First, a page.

Each of these paintings is a doorway to freedom. Step through that door and be free. 
  • Now represented by Cecilia Nguyen of Houston.
  • Catalog out for Tabula Rasa exhibition at the 643 Project Space, text by Jae Carlssen [Art Dish, ArtForum]
  • May 2014 Exhibition: Erik ReeL and Nash Rightmer at the WAV Ventura California
  • Featured artist of the Ventura City Clerk [new program], exhibition at City Hall during January and February 2014
  • 100 Grand exhibition at Sullivan Goss, 5 Dec 2013 through 2 February 2014

Robert Hughes

January 22, 2014

Just finished reading Robert Hughes' book on Goya.  It's a great match: Hughes' earthy wit and eye are right at home in Goya's world. It is not so much a critical volume as a love song to a great painter, his spirit, and rambling tour through a critical phase of Spanish history. After all, Goya lived through the period when Spain's New World colonies broke Spain's rule over them. Colonies often retain a certain amount of the character of their colonial master's culture at the moment of separation.

I had the good fortune to dine with Hughes a few times. This was before he retired back to Australia, when he was the primary art critic for Time magazine. He is very funny and an exceptionally good conversationalist. He is one of those rare writers whose wit is more scintillating in person than on the page.  He thrives on the opportunities of real encounters and a live audience. 

In a recent article on the "Delacroix and the matter of finish" exhibition at the Santa Barbara Art Museum, I mention Delacroix's position as a key painter bridging the old masters and Modern painting. But the real crux point is Goya's mature work. It is in Goya that we see the definitive dropping away of an interest in finish and the more improvisational, open hand so admired by the early Moderns, particularly Picasso. As Hughes points out, Delacroix was aware of Goya, already singing his praises before he was hardly known outside Spain. So the painter's know who is who and what is what.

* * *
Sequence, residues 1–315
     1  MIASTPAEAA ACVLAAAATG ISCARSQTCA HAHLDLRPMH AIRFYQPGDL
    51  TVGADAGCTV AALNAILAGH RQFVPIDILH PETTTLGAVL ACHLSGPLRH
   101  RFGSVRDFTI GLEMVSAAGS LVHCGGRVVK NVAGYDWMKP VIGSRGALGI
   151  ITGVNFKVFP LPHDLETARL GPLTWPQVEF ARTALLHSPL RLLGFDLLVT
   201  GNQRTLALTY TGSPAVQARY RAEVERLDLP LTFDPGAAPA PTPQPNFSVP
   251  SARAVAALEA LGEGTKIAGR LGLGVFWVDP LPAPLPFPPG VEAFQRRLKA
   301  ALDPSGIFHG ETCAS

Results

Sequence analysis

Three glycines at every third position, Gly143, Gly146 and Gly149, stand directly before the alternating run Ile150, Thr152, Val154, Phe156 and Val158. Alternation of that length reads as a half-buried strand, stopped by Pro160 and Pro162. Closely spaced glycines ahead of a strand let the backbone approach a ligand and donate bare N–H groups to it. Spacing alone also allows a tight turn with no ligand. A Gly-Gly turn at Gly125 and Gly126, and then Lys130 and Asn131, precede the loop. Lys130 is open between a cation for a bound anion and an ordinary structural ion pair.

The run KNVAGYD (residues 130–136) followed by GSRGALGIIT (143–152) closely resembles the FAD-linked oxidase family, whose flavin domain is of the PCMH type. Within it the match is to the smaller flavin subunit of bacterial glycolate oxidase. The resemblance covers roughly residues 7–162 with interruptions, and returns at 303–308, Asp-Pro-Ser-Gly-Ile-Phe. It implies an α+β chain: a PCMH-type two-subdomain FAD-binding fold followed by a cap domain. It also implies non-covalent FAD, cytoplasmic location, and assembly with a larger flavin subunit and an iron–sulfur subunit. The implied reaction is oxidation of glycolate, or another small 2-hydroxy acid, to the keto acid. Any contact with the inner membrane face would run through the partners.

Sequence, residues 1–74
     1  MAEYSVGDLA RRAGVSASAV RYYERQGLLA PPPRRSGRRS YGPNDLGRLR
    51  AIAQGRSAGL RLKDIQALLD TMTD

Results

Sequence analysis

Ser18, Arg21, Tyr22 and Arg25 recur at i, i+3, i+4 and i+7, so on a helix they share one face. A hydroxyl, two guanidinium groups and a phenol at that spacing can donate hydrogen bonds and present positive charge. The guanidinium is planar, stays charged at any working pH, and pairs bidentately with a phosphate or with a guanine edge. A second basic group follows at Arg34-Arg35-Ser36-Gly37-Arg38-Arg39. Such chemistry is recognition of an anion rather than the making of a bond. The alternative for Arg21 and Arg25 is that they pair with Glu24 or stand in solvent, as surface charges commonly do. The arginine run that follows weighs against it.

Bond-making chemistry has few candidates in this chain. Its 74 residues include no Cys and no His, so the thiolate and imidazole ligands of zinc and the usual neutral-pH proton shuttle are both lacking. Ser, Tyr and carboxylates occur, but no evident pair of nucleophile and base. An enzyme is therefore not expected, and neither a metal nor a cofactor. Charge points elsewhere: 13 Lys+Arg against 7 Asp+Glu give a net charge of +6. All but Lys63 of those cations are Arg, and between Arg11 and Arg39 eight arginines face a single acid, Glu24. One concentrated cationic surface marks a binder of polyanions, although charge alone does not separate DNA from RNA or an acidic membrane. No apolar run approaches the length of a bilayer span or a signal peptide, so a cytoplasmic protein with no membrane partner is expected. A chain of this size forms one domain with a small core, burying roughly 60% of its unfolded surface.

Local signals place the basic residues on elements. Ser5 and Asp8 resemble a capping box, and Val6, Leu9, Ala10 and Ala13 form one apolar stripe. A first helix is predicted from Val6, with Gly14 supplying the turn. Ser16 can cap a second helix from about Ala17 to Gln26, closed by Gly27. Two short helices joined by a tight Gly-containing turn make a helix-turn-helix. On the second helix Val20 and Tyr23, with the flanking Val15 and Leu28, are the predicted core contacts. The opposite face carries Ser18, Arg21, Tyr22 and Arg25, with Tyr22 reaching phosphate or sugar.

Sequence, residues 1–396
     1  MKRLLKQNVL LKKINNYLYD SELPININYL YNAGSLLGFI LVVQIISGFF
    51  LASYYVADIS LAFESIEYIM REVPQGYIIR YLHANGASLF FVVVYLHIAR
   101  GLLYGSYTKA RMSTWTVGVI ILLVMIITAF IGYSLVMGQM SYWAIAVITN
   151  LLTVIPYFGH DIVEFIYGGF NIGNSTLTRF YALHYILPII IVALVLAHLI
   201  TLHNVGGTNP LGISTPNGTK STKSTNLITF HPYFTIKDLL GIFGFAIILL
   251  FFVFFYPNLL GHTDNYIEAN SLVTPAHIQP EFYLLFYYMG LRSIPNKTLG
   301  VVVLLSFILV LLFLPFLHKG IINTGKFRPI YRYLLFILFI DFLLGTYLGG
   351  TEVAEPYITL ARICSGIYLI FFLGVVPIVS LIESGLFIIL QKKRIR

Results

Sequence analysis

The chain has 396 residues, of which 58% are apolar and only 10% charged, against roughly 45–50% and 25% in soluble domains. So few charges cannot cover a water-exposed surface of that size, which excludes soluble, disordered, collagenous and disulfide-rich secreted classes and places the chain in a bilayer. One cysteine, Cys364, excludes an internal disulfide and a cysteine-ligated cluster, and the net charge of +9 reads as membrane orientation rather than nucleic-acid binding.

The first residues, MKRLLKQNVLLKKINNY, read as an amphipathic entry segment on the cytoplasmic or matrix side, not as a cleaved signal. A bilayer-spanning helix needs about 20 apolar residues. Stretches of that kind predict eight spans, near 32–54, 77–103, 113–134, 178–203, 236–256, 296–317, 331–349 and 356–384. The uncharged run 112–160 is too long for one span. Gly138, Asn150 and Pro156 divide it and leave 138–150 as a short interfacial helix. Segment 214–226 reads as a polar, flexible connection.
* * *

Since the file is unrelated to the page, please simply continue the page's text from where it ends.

New Fall Season

September 18, 2013


To start off the New Fall Season we did the First Thursdays in Santa Barbara, the First Fridays in Ventura, then went down to Los Angeles.  The not-to-miss show was the lovingly installed Francisco Zuniga Centennial Tribute show at Jack Rutberg.  Rutberg's next show, Jordi Alcaraz will also be a not-to-miss show opening on 12 October [going to 21 December].  

Elsewhere,  there were the luscious big Cecily Brown's at Gagosian, which, in spite of all the hype, were worth the trip. She really does paint better when she goes big and stupid. In Culver city it was the usual madness at the Lurie brothers, clean serenity at Luis De Jesus, chicken at Gaby's, aural fun at Nye + Brown, and the usual intelligence at Walter Maciel's.  Cherry & Martin continues to drift--they looked completely lost--while NYC-connected George Billis continues their retrenchment back into the photo-based, seemingly abandoning their initial forays into abstraction. Surely the New Yorkers aren't going to make the old LA mistake of staying stuck in the late 70s as if Kaprow wrote his essay last year instead of 1977? or maybe that is where they think LA is at.  It's the market they say. Yes, but oh so predictable and boring.

Then we passed on the opening of Linder's soft-core at Blum & Poe to pursue other more personally lucrative opportunities and much needed libations downtown at our favorite hole-in-the-wall.  Art-wise, the Downtown Art Walk was spectacularly underwhelming.  Not even any dirty little secrets any more. Oh well, c'est la vie.